Side by Side by the Smithsonian
The potential for cultural and scientific diplomacy via the State-Smithsonian partnership is, as the Smithsonian brand states, “Seriously Amazing.”
BY BEATRICE CAMP
Ukrainian children learn by inventing at Spark!Lab, an installation from the Smithsonian’s Lemelson Center for Invention and Innovation. The September 2012 project, in cooperation with Kyiv’s Mysteskyi Arsenal Gallery, was supported by funding from the U.S. embassy.
Courtesy of the Smithsonian
As I was hanging pictures in my office at the Smithsonian Institution at the beginning of my assignment there in 2011, a new colleague stopped by to welcome me.
“Chiang Mai… Chiang Mai…” she pondered, as I placed photos from previous posts on the walls. “I think we have forest plots there.” And so I began to glimpse the extent of the Smithsonian Institution’s international reach, far beyond the familiar museums on the Mall.
Founded with a bequest from an Englishman, James Smithson, the Smithsonian has always had a global perspective and international reach in its mission to advance the “increase and diffusion of knowledge.” In the words of former Secretary S. Dillon Ripley, “The pathways followed by knowledge and culture do not observe national boundaries.”
Today, thanks to the establishment of a State Department detail position at the Smithsonian in 2009, State bureaus and posts are able to take greater advantage of its international presence to reach foreign audiences. Whether pursuing conservation in Burma, building a Spark!Lab in Kyiv or bringing Hungarian musicians to the Folklife Festival, the Smithsonian’s international engagement complements the State Department’s work in education, culture, the environment and scientific cooperation.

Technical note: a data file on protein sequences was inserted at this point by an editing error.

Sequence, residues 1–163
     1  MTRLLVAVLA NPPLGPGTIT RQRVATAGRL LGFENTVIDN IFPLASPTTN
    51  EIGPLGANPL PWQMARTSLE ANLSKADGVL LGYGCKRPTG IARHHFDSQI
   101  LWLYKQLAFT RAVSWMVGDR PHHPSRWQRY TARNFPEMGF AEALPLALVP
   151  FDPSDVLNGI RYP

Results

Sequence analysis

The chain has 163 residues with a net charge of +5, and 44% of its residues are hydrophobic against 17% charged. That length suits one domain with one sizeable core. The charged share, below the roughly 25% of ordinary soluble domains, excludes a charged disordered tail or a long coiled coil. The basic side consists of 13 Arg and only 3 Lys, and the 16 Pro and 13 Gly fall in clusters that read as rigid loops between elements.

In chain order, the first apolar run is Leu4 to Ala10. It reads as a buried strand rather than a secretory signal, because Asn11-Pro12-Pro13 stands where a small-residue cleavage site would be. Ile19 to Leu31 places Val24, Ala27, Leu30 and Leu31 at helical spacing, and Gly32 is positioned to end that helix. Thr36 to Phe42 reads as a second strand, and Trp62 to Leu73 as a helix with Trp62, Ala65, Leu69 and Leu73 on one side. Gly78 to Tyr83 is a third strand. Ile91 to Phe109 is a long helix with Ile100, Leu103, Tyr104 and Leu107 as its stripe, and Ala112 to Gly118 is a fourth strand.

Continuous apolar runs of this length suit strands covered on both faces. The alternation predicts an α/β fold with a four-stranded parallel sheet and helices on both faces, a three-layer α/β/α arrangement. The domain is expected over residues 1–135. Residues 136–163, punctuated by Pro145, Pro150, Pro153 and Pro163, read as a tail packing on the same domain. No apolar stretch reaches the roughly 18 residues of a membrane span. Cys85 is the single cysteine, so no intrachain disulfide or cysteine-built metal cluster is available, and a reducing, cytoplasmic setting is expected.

The sheer number of shared interests between State and the Smithsonian make the detail assignment I held an important investment for both sides.
I was fascinated to find that the position I held for two years has historical roots. Marc Pachter, who later became director of the National Portrait Gallery, served as the Smithsonian liaison to the U.S. Information Agency in the 1980s. And in 2002, the Bureau of International Information Programs detailed Martin Manning to the National Portrait Gallery to work with Smithsonian Institution staff on the American Rooms Project, envisioned by then-Under Secretary for Public Diplomacy and Public Affairs Charlotte Beers as an interactive exhibit highlighting American themes.
In my case, the detail provided lots of leeway, so I focused on helping State colleagues take advantage of Smithsonian resources for the benefit of overseas audiences. This mission set me on a path of discovery that ranged from jazz to mobile apps to wildlife conservation. From the Smithsonian side, I was regularly consulted on international issues, with my China experience proving especially welcome.
A Symbiotic Relationship
The U.S. consulate general in Shanghai assisted the Anacostia Community Museum in developing an exhibition called “Reclaiming the Edge: Urban Waterways and Civic Engagement.” It opened in October 2012.
Courtesy of the Smithsonian
The goals of the two institutions are often symbiotic. As the world’s largest museum and research complex, the Smithsonian Institution is focusing on greater engagement with world audiences, particularly non-elite and youth groups, while the Department of State is eager to use the Smithsonian’s expertise to enhance the dissemination of information about the United States to overseas audiences. Here are just a few examples of such teamwork:
- After the January 2010 earthquake in Haiti, the Smithsonian worked with the U.S. Agency for International Development, State’s Bureau of Educational and Cultural Affairs, and other partners to preserve the country’s rich cultural heritage, an important component of national identity and stability.